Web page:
In response to a lawsuit brought by Earthjustice on behalf of four conservation groups, a federal court on Friday ordered the U.S. Forest Service to consider whether more wilderness areas should be designated in the Tongass National Forest. Judge James K. Singleton, Jr., of the US District Court for the District of Alaska ruled that the Forest Service violated two federal laws when the agency refused to consider any new wilderness areas in the 1997 Final Environmental Impact Statement (EIS) for the Tongass Land Management Plan Revision (TLMP). The order also prevents the Forest Service from permitting any new roads or timber sales in roadless areas of the Tongass until the agency prepares an EIS considering wilderness.
"In Alaska and in the rest of the country, the public strongly supports protection of the remaining roadless areas of the Tongass," said Tom Waldo, an Earthjustice attorney representing the plaintiffs. "In the recent public process for the Forest Service roadless area protection rule, over a million people spoke out in favor of protecting these places from roads and clearcuts."
"Finally, we will have a public forum to address whether some of the incredible remaining roadless areas of the Tongass should be designated as wilderness," said Allen Smith of The Wilderness Society. Under federal law, only Congress can designate new wilderness areas, but the Forest Service is required to make recommendations on new wilderness proposals when preparing a land management plan.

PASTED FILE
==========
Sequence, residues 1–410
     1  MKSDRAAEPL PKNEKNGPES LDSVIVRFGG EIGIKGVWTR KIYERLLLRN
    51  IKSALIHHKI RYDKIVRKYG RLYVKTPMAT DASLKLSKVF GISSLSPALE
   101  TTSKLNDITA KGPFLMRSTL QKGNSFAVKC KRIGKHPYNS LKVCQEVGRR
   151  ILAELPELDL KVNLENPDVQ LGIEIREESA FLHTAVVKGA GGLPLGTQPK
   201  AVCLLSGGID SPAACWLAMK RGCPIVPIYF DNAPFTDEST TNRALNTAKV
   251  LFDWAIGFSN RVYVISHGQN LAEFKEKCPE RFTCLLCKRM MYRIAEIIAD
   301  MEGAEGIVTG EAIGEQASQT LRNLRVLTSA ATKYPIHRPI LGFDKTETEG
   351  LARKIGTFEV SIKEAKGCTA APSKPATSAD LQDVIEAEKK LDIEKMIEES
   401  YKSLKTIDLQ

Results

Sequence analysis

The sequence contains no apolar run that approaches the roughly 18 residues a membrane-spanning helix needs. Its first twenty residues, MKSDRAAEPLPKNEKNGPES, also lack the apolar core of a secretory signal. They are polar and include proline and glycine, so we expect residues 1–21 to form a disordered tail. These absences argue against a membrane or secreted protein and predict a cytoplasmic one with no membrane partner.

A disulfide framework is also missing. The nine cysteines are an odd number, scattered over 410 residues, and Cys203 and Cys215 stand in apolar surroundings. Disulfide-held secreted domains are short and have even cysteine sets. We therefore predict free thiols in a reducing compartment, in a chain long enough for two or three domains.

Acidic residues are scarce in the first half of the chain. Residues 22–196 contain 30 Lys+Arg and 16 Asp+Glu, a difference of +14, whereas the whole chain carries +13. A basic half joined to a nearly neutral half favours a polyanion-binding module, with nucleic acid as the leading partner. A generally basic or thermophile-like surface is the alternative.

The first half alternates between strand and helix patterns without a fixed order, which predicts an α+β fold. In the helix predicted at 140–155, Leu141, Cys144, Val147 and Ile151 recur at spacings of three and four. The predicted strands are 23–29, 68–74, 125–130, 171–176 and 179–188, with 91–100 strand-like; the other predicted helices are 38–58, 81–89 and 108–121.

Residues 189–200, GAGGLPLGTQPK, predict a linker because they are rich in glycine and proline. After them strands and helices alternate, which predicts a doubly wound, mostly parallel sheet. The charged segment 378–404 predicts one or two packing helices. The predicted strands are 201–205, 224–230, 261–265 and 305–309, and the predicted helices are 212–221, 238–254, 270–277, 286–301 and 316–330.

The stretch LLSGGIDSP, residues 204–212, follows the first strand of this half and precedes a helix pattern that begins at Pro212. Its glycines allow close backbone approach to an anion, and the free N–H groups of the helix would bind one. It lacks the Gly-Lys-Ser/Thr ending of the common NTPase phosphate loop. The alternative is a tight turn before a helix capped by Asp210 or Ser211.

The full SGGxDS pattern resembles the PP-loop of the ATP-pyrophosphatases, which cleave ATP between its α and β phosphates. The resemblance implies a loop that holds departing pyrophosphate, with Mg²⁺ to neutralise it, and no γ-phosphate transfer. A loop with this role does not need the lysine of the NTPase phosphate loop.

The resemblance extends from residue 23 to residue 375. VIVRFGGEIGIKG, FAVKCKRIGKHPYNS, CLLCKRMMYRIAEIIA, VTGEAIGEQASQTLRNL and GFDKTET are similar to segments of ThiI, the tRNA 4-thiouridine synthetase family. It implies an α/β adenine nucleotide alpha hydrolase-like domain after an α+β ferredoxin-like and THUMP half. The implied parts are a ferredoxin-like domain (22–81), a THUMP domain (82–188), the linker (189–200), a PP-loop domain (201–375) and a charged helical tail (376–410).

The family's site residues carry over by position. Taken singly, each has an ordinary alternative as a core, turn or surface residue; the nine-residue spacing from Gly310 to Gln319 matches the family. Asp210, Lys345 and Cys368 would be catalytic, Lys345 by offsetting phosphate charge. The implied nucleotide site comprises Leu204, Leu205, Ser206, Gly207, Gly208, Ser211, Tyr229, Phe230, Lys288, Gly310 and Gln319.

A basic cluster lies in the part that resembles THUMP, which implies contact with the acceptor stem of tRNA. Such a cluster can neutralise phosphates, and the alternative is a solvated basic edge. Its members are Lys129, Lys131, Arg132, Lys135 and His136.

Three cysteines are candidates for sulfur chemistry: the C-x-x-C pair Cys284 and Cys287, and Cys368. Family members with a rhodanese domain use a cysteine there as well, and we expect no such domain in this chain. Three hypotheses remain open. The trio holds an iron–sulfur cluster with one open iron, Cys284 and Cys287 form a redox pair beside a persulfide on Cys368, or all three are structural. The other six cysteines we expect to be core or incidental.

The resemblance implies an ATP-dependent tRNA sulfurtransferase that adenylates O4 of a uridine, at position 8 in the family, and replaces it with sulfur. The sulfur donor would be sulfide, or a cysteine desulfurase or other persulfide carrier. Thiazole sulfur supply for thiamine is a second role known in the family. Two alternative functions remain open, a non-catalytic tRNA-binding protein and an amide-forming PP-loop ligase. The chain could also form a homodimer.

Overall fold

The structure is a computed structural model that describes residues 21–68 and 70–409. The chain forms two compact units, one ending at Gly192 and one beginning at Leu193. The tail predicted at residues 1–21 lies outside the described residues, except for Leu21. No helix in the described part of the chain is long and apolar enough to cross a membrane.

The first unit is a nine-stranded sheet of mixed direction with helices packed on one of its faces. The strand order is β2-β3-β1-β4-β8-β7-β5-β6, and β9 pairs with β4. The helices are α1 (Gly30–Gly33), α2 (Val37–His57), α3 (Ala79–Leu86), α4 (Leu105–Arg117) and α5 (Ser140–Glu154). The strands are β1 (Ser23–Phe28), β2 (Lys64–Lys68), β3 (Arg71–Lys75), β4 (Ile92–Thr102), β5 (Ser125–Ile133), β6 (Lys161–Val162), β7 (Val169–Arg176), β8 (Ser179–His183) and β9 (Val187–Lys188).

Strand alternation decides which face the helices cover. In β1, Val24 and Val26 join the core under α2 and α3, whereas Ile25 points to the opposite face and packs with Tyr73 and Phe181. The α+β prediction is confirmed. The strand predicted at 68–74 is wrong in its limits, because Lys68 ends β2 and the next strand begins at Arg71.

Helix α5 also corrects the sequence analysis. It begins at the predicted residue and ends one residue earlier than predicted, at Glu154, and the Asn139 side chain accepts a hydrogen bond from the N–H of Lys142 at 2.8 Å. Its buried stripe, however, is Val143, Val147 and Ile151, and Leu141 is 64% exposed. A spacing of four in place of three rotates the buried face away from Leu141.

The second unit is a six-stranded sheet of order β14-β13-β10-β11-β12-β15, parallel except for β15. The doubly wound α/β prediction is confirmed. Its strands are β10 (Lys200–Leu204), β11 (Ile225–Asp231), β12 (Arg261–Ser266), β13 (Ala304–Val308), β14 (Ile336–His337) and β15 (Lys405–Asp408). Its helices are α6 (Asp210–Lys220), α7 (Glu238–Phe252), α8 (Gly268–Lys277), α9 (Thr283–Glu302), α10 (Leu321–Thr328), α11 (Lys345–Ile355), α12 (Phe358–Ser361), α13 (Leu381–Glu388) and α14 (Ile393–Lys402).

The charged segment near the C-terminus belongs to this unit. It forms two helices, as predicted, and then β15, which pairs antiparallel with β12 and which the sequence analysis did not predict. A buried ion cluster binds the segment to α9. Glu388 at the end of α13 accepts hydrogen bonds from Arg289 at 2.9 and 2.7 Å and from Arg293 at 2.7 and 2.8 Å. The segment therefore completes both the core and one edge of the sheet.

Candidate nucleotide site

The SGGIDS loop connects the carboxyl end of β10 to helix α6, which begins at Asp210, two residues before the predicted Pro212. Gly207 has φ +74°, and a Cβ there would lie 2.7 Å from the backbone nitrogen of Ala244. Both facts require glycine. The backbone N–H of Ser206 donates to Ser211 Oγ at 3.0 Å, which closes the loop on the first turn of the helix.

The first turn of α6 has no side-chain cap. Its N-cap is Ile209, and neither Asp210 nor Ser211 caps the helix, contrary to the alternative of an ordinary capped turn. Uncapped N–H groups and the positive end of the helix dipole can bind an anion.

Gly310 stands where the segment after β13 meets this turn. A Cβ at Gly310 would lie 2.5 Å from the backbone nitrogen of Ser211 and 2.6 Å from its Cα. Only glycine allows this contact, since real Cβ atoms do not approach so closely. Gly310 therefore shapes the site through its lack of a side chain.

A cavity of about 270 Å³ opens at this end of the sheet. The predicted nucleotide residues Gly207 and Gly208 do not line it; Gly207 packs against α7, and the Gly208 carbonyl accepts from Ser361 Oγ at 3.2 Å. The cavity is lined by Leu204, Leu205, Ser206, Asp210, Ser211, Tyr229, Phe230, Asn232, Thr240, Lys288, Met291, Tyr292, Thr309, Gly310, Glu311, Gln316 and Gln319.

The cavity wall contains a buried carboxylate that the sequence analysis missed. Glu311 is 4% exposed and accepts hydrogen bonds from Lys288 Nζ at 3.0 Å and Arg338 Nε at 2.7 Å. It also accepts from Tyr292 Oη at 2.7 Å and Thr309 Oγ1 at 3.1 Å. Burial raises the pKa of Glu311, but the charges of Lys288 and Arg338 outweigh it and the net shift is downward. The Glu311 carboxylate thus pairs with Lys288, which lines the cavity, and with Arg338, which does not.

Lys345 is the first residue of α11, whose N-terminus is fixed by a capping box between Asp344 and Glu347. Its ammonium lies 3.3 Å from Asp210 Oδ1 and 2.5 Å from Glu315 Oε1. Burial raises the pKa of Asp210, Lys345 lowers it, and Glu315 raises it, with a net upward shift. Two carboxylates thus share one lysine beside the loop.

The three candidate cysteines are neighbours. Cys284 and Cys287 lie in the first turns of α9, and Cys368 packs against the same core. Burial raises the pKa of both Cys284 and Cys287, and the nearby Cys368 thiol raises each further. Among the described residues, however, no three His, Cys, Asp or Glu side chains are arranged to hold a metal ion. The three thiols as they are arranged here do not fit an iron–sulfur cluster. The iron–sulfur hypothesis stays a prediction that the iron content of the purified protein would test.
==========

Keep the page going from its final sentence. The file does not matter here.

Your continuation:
"What a relief," said Pat Veesart of the Sitka Conservation Society. "This order spares some of most prized roadless areas in the Tongass from the ax." He cited sales planned for Cape Fanshaw, the Cleveland Peninsula, Bradfield Canal, Gravina Island, and Cholmondeley Sound as examples of sales the Forest Service will have to cancel to comply with the order.
The order does not affect timber sales in the areas of the Tongass already on the road system. "This ruling reaffirms our position from day one, the Forest Service should concentrate on sales of timber in roaded areas and leave pristine roadless areas alone. There are 4,650 miles of existing roads and over 10 billion board feet of timber readily available" stated Veesart.
The order also rejected nearly every challenge raised by the Alaska Forest Association, a timber industry lobby group.